Subscribe for 99¢

COLUMBIA, Mo. • University of Missouri System President Mun Choi announced systemwide cuts Friday to a packed house on the Columbia campus.

In all, 474 jobs are being eliminated. About half of those are currently vacant, Choi said.

The flagship campus in Columbia took the biggest hits at 307 jobs, including elimination of 42 administrative positions and about 130 nontenured faculty members who will not have contracts renewed.

The Kansas City campus is losing 51 jobs, Rolla is losing 50 and St. Louis is losing 30.

Each campus is hosting town hall style meetings, including one held Friday at Mizzou, to further elaborate how these cuts will play out at the campus level.

Faculty and staff who attended the meeting had hoped that if their job was on the line, they would find out Friday. But those getting laid off won’t know until early next week, interim Chancellor Garnett Stokes said.

At the University of Missouri-St. Louis, just two people are expected to be laid off, because of retirements and current job openings. The UMSL town hall is set for Wednesday afternoon.

Personnel and benefits are about 80 percent of the system’s budget, so Choi said it would have been “inappropriate” not to cut jobs in order to meet the drop in revenue from state appropriations as well as projected declines in enrollment and tuition at UMSL and Mizzou.

Still, the more than $100 million in cuts are larger than needed to meet the budget deficit. The goal also was to strategically invest in programs that are projected to see continued growth, as well as to make strategic hires.

Choi said the plan is to hire upwards of 212 faculty members among the four campuses, including 161 at Mizzou, 19 at UMSL, 25 at Kansas City and seven at Missouri University of Science and Technology in Rolla.

In addition to hiring personnel, the Mizzou campus in particular wants to put new money toward an effort to recruit more National Merit Scholar finalists and semi-finalists, and offer bolstered scholarship packages to students who receive need-based aid.

Mizzou also will see closures of centers and institutes, he said. Across the system, duplication of majors and minors will be eliminated.

“We cannot afford to have duplications,” Choi said.

Choi said the system was in the process of hiring a consulting firm to identify areas of duplication.

Choi pointed to a few examples of low-hanging fruit the campuses can address, including the use of a centralized platform where students from any campus can take an online class taught at a different campus. Right now, in some cases, students can take similar classes at several or all four campuses.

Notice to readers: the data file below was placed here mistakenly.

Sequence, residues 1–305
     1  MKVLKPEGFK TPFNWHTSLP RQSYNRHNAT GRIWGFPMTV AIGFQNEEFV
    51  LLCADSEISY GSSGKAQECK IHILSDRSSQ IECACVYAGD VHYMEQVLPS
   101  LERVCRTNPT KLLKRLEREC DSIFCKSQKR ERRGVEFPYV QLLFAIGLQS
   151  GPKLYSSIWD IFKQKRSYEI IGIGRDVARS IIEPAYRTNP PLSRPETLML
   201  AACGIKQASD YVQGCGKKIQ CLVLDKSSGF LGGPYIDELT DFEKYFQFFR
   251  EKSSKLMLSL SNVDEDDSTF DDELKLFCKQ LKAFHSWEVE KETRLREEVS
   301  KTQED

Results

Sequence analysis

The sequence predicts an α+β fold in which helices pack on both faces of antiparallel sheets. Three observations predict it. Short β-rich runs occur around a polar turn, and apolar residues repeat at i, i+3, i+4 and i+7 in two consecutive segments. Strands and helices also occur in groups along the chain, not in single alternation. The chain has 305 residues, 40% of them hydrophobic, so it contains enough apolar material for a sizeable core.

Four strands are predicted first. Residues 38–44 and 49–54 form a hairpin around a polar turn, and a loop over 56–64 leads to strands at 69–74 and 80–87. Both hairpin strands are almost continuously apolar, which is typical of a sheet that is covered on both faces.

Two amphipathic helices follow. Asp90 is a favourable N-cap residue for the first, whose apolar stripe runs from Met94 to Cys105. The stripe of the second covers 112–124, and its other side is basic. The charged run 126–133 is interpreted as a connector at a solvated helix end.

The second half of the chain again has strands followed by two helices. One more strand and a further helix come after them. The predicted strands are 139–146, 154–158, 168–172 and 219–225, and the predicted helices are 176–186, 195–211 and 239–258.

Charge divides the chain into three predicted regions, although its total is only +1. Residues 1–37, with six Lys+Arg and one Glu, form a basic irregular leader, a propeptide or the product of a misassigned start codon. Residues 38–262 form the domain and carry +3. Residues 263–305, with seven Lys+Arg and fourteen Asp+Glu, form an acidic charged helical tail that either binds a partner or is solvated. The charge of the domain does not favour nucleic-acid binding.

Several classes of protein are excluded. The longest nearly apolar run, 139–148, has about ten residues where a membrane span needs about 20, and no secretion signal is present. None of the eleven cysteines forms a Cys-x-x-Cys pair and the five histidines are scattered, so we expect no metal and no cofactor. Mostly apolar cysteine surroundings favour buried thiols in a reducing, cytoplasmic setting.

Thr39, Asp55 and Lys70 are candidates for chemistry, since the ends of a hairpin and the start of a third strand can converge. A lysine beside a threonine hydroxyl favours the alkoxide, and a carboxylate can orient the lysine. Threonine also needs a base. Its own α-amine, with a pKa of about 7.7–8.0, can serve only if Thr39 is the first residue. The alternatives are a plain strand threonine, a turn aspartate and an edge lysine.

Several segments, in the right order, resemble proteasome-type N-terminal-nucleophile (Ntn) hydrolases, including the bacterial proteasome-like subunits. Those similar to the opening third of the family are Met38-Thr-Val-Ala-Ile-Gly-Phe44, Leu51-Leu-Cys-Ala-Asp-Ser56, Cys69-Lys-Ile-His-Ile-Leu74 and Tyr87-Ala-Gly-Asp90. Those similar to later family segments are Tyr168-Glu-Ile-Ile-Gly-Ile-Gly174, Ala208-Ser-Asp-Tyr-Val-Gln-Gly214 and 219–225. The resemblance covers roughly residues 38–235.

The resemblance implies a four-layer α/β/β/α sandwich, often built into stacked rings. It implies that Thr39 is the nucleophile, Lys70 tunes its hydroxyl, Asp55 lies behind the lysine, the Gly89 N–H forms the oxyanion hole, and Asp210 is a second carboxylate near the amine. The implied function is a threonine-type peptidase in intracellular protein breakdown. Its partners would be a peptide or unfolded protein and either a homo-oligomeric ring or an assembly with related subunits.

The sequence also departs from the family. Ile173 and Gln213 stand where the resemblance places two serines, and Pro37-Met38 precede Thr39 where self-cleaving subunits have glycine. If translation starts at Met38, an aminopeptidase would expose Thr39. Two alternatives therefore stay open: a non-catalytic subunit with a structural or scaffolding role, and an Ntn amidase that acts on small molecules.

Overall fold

He also pointed out that putting more money into a particular engineering program at the Rolla campus should mean that there’s no need to grow the same program at Mizzou’s engineering school.

“We can’t be all things to all people,” Choi said, adding that he wanted each campus to embrace and grow its own “unique flavor.”

Each campus is reviewing every program they offer.

In addition to Mizzou’s announced cuts, 86 jobs are being eliminated between the student affairs office and athletics. In athletics, that amounts to vacancies that will go unfilled, including an assistant athletic director.

Meanwhile, a few programs and centers have been restructured and even scrapped.

At Mizzou, for example, the Truman School of Public Affairs is becoming part of the College of Arts and Sciences rather than a stand-alone school.

Cuts at the system headquarters were among the more controversial and unexpected announcements, including the elimination of the federal lobbying office in Washington, which will provide $7.4 million to use strategically at the campus level.

Choi also laid off the entire Missouri lobbying team and most of his communications personnel, along with the longtime vice chancellor of university relations, Steve Knorr.

Choi addressed the lobbying issue briefly, saying that he expecteds to hire new lobbyists after spending the next two to three weeks working with legislative leaders and Gov. Eric Greitens to gain input on how to rebuild that team.

A few other high-level administrative positions that were cut include the vice president of academic affairs, research and economic development, and the executive vice chancellor for MU Health.

Choi told the Post-Dispatch that those positions were being rolled into his job at no additional salary.